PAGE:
There are plenty of cracks on show, too. Barrett can’t quite get through “If It’s in You”, for instance. That Gilmour and Waters opted to leave in their ex-bandmate’s false starts and off-key crooning didn’t sit well with Malcolm Jones, who said: “I felt angry. It’s like dirty linen in public and very unnecessary and unkind”. Gilmour admitted, “Perhaps we were trying to show what Syd was really like. But perhaps we were trying to punish him”.

Barrett didn’t need much help in that department. Taken at face value, it’s hard not to read unalloyed despair into songs like “Feel”, in which Barrett sings “Oh, so alone/I want to come home.”

The most harrowing by far is “Dark Globe”, which finds a tortured Barrett crying out, “Won’t you miss me? Wouldn’t you miss me at all?”

Barrett: the album

Remarkably, he still wasn’t quite done with music-making. EMI released The Madcap Laughs in January of 1970. The following month, Barrett and Gilmour were back at Abbey Road, this time with Pink Floyd’s Richard Wright along for the ride.

The resulting LP, Barrett, is arguably more cohesive than its predecessor, but it failed to find a foothold in the charts.

In early 1972, Barrett formed a band called Stars, which played a handful of gigs before dissolving. Yet another return to Abbey Road in ’74 yielded a few disjointed blues instrumentals (like “If You Go, Don’t Be Slow”, below). The sessions were aborted, no third album was forthcoming, and Barrett left the music industry for good. He died in 2006.

Trippiest lyrics

“Trip, trip to a dream dragon/Hide your wings in a ghost tower/Sails cackling at every plate we break” (“Octopus”)

“Inside me I feel alone and unreal/And the way you kiss will always be/A very special thing to me” (“Late Night”)

“The end of truth that lay out the time/Spent lazing here on a painting green/A mile or more in a foreign clime/To see farther inside of me” (“She Took a Long Cold Look”)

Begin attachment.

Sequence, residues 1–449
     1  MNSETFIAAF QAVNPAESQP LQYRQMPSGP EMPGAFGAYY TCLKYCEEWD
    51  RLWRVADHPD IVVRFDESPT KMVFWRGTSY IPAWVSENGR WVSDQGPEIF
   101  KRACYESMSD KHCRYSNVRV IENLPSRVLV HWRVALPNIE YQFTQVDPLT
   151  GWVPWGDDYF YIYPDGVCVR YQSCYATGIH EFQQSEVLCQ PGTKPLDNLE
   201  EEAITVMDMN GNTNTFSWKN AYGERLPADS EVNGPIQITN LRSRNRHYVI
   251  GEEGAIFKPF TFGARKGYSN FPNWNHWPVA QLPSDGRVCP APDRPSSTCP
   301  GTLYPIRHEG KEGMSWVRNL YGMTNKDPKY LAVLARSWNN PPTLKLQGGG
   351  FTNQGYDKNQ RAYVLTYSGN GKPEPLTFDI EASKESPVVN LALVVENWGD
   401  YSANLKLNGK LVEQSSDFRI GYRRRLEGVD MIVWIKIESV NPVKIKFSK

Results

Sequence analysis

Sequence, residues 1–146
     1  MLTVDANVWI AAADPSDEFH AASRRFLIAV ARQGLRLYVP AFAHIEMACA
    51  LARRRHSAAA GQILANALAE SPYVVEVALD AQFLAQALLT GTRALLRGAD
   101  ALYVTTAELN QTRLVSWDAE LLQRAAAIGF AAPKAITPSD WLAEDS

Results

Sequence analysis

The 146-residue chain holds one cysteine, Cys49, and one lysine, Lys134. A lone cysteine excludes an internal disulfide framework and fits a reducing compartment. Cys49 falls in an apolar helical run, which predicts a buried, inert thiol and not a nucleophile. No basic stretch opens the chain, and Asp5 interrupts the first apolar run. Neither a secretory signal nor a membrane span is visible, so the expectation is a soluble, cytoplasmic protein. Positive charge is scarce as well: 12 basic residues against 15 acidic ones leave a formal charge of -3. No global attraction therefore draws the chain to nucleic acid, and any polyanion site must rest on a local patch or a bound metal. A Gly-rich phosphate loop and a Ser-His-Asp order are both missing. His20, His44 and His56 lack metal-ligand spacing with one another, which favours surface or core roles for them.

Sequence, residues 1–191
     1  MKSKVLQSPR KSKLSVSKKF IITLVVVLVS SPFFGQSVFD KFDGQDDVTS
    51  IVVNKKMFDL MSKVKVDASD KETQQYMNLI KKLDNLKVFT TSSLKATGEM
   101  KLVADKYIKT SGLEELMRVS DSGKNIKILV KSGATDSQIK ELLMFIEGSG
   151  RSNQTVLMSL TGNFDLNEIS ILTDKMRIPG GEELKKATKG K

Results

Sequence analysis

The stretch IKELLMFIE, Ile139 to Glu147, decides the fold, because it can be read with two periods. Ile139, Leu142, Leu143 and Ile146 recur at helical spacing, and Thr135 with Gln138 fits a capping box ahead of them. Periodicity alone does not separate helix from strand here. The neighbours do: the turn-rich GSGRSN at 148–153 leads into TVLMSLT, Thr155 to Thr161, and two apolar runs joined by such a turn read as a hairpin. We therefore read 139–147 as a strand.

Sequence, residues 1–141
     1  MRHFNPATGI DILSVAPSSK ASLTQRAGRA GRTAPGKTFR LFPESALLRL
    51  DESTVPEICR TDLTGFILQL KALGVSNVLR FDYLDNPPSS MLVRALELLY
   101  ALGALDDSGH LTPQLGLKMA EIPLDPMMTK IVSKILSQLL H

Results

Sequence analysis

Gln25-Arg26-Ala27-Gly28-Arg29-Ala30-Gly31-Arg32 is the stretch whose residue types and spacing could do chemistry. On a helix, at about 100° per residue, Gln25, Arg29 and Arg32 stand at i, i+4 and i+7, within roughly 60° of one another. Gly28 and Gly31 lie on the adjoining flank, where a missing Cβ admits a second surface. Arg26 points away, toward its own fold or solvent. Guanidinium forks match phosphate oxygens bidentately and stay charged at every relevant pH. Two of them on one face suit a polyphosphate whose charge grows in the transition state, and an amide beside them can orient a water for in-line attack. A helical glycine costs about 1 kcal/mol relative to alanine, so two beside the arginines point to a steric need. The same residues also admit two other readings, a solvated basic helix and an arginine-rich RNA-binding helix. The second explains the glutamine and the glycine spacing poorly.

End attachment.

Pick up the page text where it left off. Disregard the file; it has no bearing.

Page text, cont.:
Sonic psych-out

Halfway through “Octopus” comes an instrumental break that neatly summarizes just how bizarre Barrett’s sense of rhythm was. His guitar jumps around willy-nilly, following a logic entirely of Barrett’s own making, while, on drums, Gilmour gamely lays down a shuffle beat that almost keeps up.

In their own words

“‘Octopus’ is a particular example of recording being discussed as something exceptional because it takes an unusual metre. I don’t read much, but I think I picked up Shakespeare as a book that just happened to be lying there to read. It was meant to be verse. I like to have really exciting, colourful songs. I can’t really sing, but I enjoy it, and I enjoy writing from experiences. Some are so powerful they are ridiculous.” (Syd Barrett, interviewed by Melody Maker in 1970)

 “Trolley buses were silent; they were electric, so this light would come toward you out of the fog, and then it would disappear away again into the fog. And I always thought that that’s what had happened to Syd in the studio. Something would emerge from what he was doing, and we’d say, ‘Oh, that’s good! Can we get more of that, please? Can you do that again?’ And then he would go back into the fog. And then the next time he came out of the fog, it was something different.” (Peter Jenner, quoted in Bill Kopp’s book Reinventing Pink Floyd)


Over at, read Steve Newton’s post about the deluxe boxed-set edition of Pink Floyd’s classic live album and concert film, Delicate Sound of Thunder. The set includes performances of “Shine on You Crazy Diamond”, a song the band wrote about Barrett.